Educational Resources on the Holodomor in Genocide Studies

Newly revised (April 2019) listing of top resources for teaching and learning about the Holodomor, particularly in the context of broader genocide studies.

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Educational Resources on the Holodomor in Genocide Studies. April 2019.

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Educational Resources on the Holodomor in Genocide Studies. April 2019.

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The Holodomor – death by starvation imposed on millions of Ukrainians during 1932-33 – was the centerpiece of the Soviet Union’s ruthless campaign against nationally conscious Ukrainians opposed to Stalinism. Besides decimating Ukraine’s political, intellectual, cultural, and religious leadership, Joseph Stalin’s communist regime deliberately starved Ukraine’s majority population, its farmers.

After deporting Ukraine’s most successful farming families, Stalin forced those remaining to surrender their property and join government-run farms. Given impossible grain quotas, the farmers resisted, and communist enforcers eventually stripped households of any food. Countless villages were blocked off from receiving any goods, internal passports were issued, and the borders of Ukraine were sealed, thereby dooming the rural population to a slow and tortuous death by starvation. Meanwhile, grain and other food products were exported to the outside world.

At the height of the famine in June 1933, 28,000 Ukrainians were dying each day.

The Soviet Union denied that a murderous famine had taken place and compelled its subject Ukrainians to live this lie. To speak of the famine was a crime. Most of the world learned of the Holodomor only after the USSR’s collapse in 1991.

Raphael Lemkin, who coined the term genocide and was the initiator of the United Nations Convention on Genocide, stated that the Soviet attack on Ukraine “is a case of genocide, of the destruction, not of individuals only, but of a culture and a nation.” [This note is adapted with modifications from a 2015 Holodomor Memorial Dedication Committee text].


A. Start here:

Holodomor 1932-33. Provides basic historical information along with a regularly updated guide to 200+ resources, including films, maps, collected survivor testimony, authentic photographs and teaching materials suitable for the secondary and college level – most with links to instant online access:

The Holodomor Research and Education Consortium (HREC). Canadian based site with a well developed curriculur resources component:

Kuryliw, Valentina. Holodomor in Ukraine: The Genocidal Famine, 1932-1933: Learning Materials for Teachers and Students. Canadian Institute of Ukrainian Studies Press, 2018.

Genocide Never Again [Ukrainian Genocide] Teacher and Student Workbook, by Vera Bej, Ihor Mirchuk, and C. R. Shwed, 2007.

Melnyk, Motria. Curriculum Guide for Teaching Genocides with a focus on the Holodomor, the Famine Genocide in Ukraine. 2011.

Wolny, Philip. Holodomor: The Ukrainian Famine-Genocide. First ed., Rosen YA, 2018. [Grades 7+]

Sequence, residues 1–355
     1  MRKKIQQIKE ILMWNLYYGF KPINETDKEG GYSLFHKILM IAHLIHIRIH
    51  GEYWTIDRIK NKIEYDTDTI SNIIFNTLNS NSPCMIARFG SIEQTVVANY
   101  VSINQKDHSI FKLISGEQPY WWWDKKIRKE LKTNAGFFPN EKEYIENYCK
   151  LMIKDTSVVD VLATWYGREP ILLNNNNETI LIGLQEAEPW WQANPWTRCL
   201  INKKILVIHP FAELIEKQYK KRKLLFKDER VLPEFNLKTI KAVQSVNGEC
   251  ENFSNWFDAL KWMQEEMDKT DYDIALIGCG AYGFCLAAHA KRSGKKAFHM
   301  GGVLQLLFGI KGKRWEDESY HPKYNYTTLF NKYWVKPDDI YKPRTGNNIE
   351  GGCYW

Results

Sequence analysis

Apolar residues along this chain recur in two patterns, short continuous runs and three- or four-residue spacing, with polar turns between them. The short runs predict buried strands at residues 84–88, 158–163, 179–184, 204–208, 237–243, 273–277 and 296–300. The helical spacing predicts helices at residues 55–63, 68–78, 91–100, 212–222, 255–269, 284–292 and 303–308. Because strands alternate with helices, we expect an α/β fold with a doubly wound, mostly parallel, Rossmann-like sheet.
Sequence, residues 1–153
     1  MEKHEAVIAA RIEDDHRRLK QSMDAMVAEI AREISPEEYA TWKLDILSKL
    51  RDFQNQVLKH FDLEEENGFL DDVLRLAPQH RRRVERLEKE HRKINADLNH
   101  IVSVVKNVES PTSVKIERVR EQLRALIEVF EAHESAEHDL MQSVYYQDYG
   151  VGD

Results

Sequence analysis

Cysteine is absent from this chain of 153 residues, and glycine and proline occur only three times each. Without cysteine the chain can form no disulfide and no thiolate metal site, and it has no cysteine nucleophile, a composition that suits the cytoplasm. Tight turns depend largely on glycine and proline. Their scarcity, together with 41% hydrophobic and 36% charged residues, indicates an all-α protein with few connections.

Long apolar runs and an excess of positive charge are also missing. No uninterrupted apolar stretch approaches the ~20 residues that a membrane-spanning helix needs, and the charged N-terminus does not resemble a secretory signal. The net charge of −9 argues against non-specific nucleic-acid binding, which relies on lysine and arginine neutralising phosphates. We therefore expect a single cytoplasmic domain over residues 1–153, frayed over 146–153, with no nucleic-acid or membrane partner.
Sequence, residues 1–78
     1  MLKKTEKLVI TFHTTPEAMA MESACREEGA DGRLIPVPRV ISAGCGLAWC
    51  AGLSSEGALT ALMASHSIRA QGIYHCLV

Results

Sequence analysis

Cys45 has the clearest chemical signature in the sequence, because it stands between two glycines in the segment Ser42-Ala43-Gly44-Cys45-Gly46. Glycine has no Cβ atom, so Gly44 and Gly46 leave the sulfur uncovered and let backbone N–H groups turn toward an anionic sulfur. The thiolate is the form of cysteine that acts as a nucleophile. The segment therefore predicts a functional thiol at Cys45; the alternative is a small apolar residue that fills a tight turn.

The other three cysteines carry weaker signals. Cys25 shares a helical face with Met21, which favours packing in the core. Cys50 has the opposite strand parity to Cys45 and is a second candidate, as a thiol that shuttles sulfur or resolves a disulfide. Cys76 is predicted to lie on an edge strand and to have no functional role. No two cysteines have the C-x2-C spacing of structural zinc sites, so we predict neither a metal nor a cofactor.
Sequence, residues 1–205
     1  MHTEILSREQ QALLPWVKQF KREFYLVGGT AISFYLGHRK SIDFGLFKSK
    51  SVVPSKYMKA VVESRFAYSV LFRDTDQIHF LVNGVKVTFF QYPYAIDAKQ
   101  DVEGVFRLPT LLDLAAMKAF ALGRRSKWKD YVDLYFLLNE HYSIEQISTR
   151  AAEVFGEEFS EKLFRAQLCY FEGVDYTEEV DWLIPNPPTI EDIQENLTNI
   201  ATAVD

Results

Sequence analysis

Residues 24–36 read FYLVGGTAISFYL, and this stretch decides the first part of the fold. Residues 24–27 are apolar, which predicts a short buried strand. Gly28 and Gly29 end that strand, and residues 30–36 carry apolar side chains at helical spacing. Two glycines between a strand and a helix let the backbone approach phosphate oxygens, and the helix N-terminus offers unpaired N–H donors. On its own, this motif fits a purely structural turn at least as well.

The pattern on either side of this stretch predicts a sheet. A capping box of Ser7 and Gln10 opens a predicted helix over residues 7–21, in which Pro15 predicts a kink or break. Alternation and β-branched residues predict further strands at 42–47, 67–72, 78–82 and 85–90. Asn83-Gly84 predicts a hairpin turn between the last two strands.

B. A few key Holodomor focused resources:

Applebaum, Anne. Red Famine: Stalin’s War on Ukraine. First United States ed., Doubleday, 2017.

Conquest, Robert. The Harvest of Sorrow: Soviet Collectivization and the Terror-famine. New York: Oxford University Press, 1986.

Klid, Bohdan, and Alexander J Motyl. The Holodomor Reader: A Sourcebook on the Famine of 1932-1933 in Ukraine. CIUS Press, 2012.

Lemkin, Raphael. “Soviet Genocide in the Ukraine.” 1953.

Naimark, Norman. “How the Holodomor Can Be Integrated into our Understanding of Genocide.” East/West: Journal of Ukrainian Studies ( 2, no. 1 (2015).

Naimark, Norman M. Stalin’s Genocides. Princeton, N.J.: Princeton University Press, 2010.

United States. Investigation of the Ukrainian Famine, 1932-1933 Report to Congress. Washington: U.S. G.P.O., 1988.

This final report includes the “Executive Summary,” which presents the “Findings” of the U.S. Commission on the Ukraine Famine, among them the often quoted #16, which states: “Joseph Stalin and those around him committed genocide against Ukrainians in 1932-1933.” Several other valuable reports comprise this volume.;view=1up;seq=8

Werth, Nicolas. “The Great Ukrainian Famine of 1932-33, Online Encyclopedia of Mass Violence.” April 18, 2008.


Voices into Action. Online program offering curriculum-based teaching resources and tools for teachers and students on issues related to prejudice, human rights, and social justice. Unit 2 offers lessons on genocide. By FAST: Fighting Anti-Semitism Together. 2014 -.

Altman, Linda Jacobs. Genocide: The Systematic Killing of a People. Rev. and expanded ed. Issues in Focus Today. Berkeley Heights, NJ: Enslow, 2009. [Grades 6+]

Genocide. Contemporary Issues Companion. Detroit: Greenhaven Press, 2007. [Grade 7+]

Hewitt, William. Defining the Horrific: Readings on Genocide and Holocaust in the 20th Century. Upper Saddle River, NJ: Pearson Education, 2004.

Jones, Adam. Genocide: A Comprehensive Introduction. 3rd ed., Routledge, Taylor & Francis Group, 2017.

Modern Genocide: Understanding Causes and Consequences. ABC-CLIO [subscription database].

Snyder, Timothy. Bloodlands: Europe between Hitler and Stalin. New York: Basic Books, 2010.

Stone, Dan. The Historiography of Genocide. Basingstoke England: Palgrave Macmillan, 2010.

Totten, Samuel, and William S Parsons. Century of Genocide. 4th ed.,Hoboken: Taylor and Francis, 2012.

Totten, Samuel, editor. Teaching about Genocide: Insights and Advice from Secondary Teachers and Professors. Volume 2 /, Rowman & Littlefield, 2019.

Valentino, Benjamin A. Final Solutions: Mass Killing and Genocide in the Twentieth Century. Ithaca, N.Y.: Cornell University Press, 2004